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Planting Garlic: Complete Guide to Growing Garlic This Fall

Tips and techniques for planting garlic cloves in your organic garden.

Garlic Bulbs

Fall is an important time for those interested in planting garlic. Savvy garlic growers know that planting cloves in the fall yields larger bulbs than those planted in the spring.

They’re delicious when added to any recipe, whether stir-fried or in a salad. Their intense flavor serves many culinary uses, and it’s also a great plant that works as an insect repellent in the garden, again thanks to the intense aroma.

If you’re like us and love garlic, this complete guide lays out everything you need to know before planting garlic in your home gardens this fall.

Why Plant Garlic?

Garlic is part of the Allium genus, which also includes onions, shallots, leeks, scallions, and chives.

Garlic is an excellent crop to grow if you want your garden to continue producing food throughout the winter.

Garlic heads, when properly cured and stored, have a much longer shelf life than many other garden vegetables, allowing them to be used in the kitchen for months after a harvest.

Plus, thankfully, squirrels and other mammals dislike the flavor and odor of garlic and will avoid your garlic plantings, as well as neighboring veggies.

Growing garlic from cloves is considerably simpler and more practical than trying to produce it from garlic seeds.

And so, in this article, we will show you why growing and planting garlic from individual cloves is the way to go and fully explain the process to you.

Hardneck Garlic vs Softneck Garlic

Before we explain exactly how to plant garlic, it’s important to figure out the variety of garlic you want to plant. There are two different types of garlic: hardneck and softneck, both being suitable for different climates. Each has its own varieties.

Softneck and hardneck garlic types derive their names from their stems. Hardneck garlic stalks are woody, rigid, and unsuitable for braiding, but softneck garlic stalks are flexible and can be braided for storage and a great display. But that’s not all that’s different.

While hardneck garlic, which is cold-hardy, performs better in northern regions, softneck garlic is better suited to southern climates.

And so, hardneck varieties or “topsetting” varieties are a favorite in northern gardens. The shoots of the garlic plants form a flower stalk or “scape” while softneck varieties do not.

Hardneck garlic cloves are easier to peel, and hardneck heads are often larger than softneck heads. The cloves of softneck garlic are smaller even though they often have more heads per head than hardneck garlic.

As we mentioned above, hardnecks do have a harder stem, making them difficult if not impossible to braid. They also don’t keep as long as softnecks. Some softnecks will grow in colder climates. When in doubt, ask your local gardeners which varieties work best in your area.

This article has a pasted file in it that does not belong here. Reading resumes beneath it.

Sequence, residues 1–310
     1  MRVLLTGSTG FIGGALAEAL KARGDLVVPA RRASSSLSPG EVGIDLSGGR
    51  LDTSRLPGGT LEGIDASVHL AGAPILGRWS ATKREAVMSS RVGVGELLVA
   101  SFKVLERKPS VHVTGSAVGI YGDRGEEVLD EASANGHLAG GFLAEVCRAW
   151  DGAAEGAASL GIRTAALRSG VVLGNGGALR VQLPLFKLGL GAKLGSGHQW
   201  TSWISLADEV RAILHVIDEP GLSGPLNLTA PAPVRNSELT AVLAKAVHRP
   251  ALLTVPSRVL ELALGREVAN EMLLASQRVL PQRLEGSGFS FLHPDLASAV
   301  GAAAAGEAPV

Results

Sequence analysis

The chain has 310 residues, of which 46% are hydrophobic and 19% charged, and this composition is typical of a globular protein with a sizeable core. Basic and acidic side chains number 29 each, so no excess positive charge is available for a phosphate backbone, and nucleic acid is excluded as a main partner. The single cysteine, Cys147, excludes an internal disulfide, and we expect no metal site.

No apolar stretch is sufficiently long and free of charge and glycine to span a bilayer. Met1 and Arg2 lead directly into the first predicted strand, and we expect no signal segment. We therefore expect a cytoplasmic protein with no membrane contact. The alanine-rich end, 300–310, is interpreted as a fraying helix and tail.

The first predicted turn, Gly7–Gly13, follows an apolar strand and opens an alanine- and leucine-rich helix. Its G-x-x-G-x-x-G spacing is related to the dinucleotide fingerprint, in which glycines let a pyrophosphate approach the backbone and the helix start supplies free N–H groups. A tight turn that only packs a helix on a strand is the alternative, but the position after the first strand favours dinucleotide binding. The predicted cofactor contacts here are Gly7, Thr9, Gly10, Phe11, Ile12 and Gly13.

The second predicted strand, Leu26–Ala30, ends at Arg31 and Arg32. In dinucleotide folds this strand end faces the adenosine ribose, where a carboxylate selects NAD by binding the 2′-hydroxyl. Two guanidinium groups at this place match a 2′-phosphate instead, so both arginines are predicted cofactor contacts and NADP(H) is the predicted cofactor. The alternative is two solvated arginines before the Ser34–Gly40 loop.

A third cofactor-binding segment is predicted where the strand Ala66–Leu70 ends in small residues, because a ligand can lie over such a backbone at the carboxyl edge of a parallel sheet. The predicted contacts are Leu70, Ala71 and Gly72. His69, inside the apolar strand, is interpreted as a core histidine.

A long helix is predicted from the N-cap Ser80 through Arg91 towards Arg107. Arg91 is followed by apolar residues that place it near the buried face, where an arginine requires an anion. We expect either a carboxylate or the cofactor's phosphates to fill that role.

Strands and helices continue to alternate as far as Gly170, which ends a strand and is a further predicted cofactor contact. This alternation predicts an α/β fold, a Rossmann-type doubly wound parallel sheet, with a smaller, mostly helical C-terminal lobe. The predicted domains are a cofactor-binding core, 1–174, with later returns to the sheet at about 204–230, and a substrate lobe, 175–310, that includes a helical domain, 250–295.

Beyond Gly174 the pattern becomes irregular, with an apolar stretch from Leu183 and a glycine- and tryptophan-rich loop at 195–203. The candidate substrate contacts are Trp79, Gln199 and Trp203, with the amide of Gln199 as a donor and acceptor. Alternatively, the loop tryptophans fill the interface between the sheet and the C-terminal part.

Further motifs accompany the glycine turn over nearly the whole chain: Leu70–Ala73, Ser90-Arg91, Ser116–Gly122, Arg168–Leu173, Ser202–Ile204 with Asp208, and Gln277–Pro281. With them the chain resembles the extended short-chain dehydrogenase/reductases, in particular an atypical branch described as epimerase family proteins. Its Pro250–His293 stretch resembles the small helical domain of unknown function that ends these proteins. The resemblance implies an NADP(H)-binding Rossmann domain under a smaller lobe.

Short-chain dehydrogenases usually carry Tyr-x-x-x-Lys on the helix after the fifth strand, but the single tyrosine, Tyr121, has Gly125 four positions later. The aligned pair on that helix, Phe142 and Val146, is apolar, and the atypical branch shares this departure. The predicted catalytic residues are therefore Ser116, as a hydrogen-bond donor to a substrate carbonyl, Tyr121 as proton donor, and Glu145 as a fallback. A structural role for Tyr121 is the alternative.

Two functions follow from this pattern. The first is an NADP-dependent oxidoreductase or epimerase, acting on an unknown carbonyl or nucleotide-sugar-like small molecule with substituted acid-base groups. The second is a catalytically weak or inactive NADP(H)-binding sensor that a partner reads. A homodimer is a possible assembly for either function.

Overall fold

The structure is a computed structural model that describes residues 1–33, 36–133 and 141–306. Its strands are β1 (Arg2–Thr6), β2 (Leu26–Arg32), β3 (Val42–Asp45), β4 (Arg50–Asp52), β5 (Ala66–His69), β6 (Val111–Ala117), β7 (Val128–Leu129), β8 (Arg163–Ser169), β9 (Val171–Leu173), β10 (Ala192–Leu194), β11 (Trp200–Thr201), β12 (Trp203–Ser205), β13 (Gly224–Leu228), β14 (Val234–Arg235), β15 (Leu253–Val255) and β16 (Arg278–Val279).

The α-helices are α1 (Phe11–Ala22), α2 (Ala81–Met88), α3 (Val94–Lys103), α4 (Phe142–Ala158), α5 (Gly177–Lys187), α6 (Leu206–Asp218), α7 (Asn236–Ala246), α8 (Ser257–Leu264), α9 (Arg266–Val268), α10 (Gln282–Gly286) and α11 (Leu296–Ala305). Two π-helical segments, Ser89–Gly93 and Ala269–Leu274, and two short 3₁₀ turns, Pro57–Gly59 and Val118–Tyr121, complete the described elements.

Varieties of Garlic

Most hardneck garlic varieties belong to one of three groups: Rocambole, porcelain, or purple stripe. However, there are even more types, like Creole and Asiatic.

Most types of softneck garlic belong to the artichoke or silverskin groups.

On the other hand, elephant garlic, known for its large size, belongs to an entirely distinct species and may be successfully cultivated either in the North or the South.

Elephant garlic is not Allium sativum, but Allium ampeloprasum, which is the same species as leeks and pearl onions.

When to Plant Garlic?

Garlic planted in warmer regions needs exposure to cold to grow properly. Hardneck garlic needs a cooling period — two or three weeks at 40 to 50 degrees — before planting to grow properly in areas where soil temperatures stay warm.

For this reason, October is the most popular month to plant garlic, however, you may be able to plant earlier or later depending on where you live.

Planting garlic cloves in the north is best done in late September or October. This must be done before the ground freezes, so you should start at least two weeks before the first frost of the season.

In the South, October is the best time, but you could also wait until November, December, or even January. But if you’re not sure, it’s better to plant early than late.

Garlic cloves can be planted as late as February or March in moderate climates, although the emerging bulbs will be smaller.

Garlic scapes, on the other hand, are still available during the summer. Scapes are the tender green shoots of the plant that have a subtle garlic flavor. These are great to serve with some eggs in the morning, or even in a stir fry!